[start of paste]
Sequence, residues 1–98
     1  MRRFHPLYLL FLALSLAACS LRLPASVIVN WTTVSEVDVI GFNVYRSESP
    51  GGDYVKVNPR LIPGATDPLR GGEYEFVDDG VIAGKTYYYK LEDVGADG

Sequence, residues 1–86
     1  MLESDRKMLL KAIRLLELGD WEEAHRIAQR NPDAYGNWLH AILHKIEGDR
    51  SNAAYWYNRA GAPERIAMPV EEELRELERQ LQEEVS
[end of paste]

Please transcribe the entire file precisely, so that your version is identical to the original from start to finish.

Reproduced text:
Sequence, residues 1–98
     1  MRRFHPLYLL FLALSLAACS LRLPASVIVN WTTVSEVDVI GFNVYRSESP
    51  GGDYVKVNPR LIPGATDPLR GGEYEFVDDG VIAGKTYYYK LEDVGADG

Sequence, residues 1–86
     1  MLESDRKMLL KAIRLLELGD WEEAHRIAQR NPDAYGNWLH AILHKIEGDR
    51  SNAAYWYNRA GAPERIAMPV EEELRELERQ LQEEVS